sented by other unions," he added.a
The fact-finding board recoi-1
mended a three-year contract, ef-
fective from Nov. 1, 1956, consist-
ing of a 29-cent package.
Few Calendar
Polls Returned
About 200 calendar question-
naires have been answered and
returned, according to Mary Ter-
ry, '58, of the University calen-

Dulles Says~
World War
Improbable
NEW YORK (')-Secretary of
State John Foster Dulles yesterday
spurned any suggestion of inevit-
able war between the free world
and international communism.
He said armed aggression is no
longer "a paying( proposition."
In his first foreign policy speech
of President Dwight D. Eisenhow-
er's second term, Dulles counseled
patience on many fronts - in the
Middle East, those involving rest-
less Red satellites behind the
Iron Curtain, and on disarma-
ment.
Rededicated U. S.
He rededicated the U n it e d
States to the United Nations and
its ideals of peace with justice,
telling critics, "that is no abdica-
tion of foreign policy.
"It is the exercise of foreign
policy, and its exercise in the way
which represents the best hope
for humanity."
Touching briefly on the horrors
of modern warfare, Dulles told the
annual Associated Press luncheon
regarding deep differences be-
tween Russia and the free world.
Divides World
"Indeed, history suggests that a
conflict as basic as that dividing
the world of freedom and the
world of international communism
ultimately erupts in war.
"That suggestion we reject. But
to reject in terms of words or
hopes is not enough.
"We must also 'exert ourselves
to the full to prevent it.
"To this task, the American
people must unswervingly dedicate1
their hearts and minds throughout
the years ahead."
Bus Schedules;
For AA Readyt
Detailed bus schedules are now
available from the Ann Arbor
Transit, Inc., John W. Rae, com-
pany co-ordinator, announced yes-I
terday.j
The schedules, which have been
missing since the Transit began
operations a wee: ago, are being
distributed on all buses. The
pamphlets containing the sche-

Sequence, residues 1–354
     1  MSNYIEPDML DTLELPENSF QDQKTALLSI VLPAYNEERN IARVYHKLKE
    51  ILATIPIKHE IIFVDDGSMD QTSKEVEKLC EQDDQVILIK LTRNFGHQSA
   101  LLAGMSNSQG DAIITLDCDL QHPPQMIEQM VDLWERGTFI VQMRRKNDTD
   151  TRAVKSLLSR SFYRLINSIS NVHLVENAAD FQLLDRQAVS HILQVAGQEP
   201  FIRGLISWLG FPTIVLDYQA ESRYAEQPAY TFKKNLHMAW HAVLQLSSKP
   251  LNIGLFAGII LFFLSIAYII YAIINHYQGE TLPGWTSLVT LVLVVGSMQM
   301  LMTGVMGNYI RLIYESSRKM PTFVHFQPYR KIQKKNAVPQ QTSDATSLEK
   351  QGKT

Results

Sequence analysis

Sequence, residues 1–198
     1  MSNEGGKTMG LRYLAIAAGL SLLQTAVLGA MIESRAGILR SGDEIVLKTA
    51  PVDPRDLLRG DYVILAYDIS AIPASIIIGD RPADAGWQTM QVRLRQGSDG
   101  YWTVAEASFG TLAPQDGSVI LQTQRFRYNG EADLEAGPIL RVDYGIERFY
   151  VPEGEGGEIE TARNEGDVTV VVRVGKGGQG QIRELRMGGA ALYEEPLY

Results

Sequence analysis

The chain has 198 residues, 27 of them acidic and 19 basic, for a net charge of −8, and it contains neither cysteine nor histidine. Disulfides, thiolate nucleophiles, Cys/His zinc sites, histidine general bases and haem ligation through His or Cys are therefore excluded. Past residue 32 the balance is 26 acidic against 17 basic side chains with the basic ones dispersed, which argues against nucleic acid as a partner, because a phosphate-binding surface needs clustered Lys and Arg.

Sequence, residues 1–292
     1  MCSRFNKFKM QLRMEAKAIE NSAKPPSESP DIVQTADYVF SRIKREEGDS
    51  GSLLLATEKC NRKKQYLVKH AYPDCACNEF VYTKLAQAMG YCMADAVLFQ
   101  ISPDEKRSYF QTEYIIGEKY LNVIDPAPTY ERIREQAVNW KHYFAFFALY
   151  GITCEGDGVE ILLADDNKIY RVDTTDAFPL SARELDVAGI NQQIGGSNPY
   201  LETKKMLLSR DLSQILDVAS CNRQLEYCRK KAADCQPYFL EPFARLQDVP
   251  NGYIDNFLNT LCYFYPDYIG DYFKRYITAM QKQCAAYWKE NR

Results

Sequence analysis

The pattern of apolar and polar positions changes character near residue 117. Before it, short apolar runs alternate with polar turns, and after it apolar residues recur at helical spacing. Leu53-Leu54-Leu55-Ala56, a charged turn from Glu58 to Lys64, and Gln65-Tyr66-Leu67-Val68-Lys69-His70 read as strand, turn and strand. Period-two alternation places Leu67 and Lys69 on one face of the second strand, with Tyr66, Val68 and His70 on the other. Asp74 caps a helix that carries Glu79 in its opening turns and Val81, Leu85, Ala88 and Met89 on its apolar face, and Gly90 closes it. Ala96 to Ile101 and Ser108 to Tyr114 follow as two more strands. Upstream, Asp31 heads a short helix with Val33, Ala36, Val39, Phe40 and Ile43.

dules also include rates and the
bus routes.
University students with identi-
fication cards can ride for a 15
cent rate, according to the pamph-I
let. Substantially the same routesI
exist as under the previous trans-
it system with a new route, Route
5, being initiated.t
This route extends from Main3
and Huron Sts. to Detroit St. toi
Broadway to Plymouth Rd. tot
Barton Dr. to Pontiac St., tog
Broadway, to Beakes St., to North
Main, to Huron.t
Main and -Huron is the main1
terminal point for allthe cityI
bus routes.P

'no funds for planning' or begin-
ning new construction.
"We'll ask the committee to
raise the appropriations, but we
have to find out exactly where
they stand," Niehuss pointed out.
Action (by University officials
follows a University Regents reso-
lution directing the administra-
tion to "do everything possible to
persuade the Legislature that the
appropiration bill introduced in
he Legislature is inadequate to
maintain the University of Michi-
gan as a quality educational insti-
tution.
The motion urged the measure
be reconsidered and the Univer-
sity's appropriation be increased.
Voiced Feeling
Niehuss voiced the feeling that
even if the Legislature does in-
crease the appropriation, it will
be "far below what we think we
need."
University President Harlan
Hatcher called the bill "inade-
quate even for the University's
minimum needs."
Niehuss said both a raise in stu-
dent fees and cuts in enrollment
had been discussed. "Probably
both would be likely," he pre-
dicted.
Limit Enrollment
Keeping the student enrollment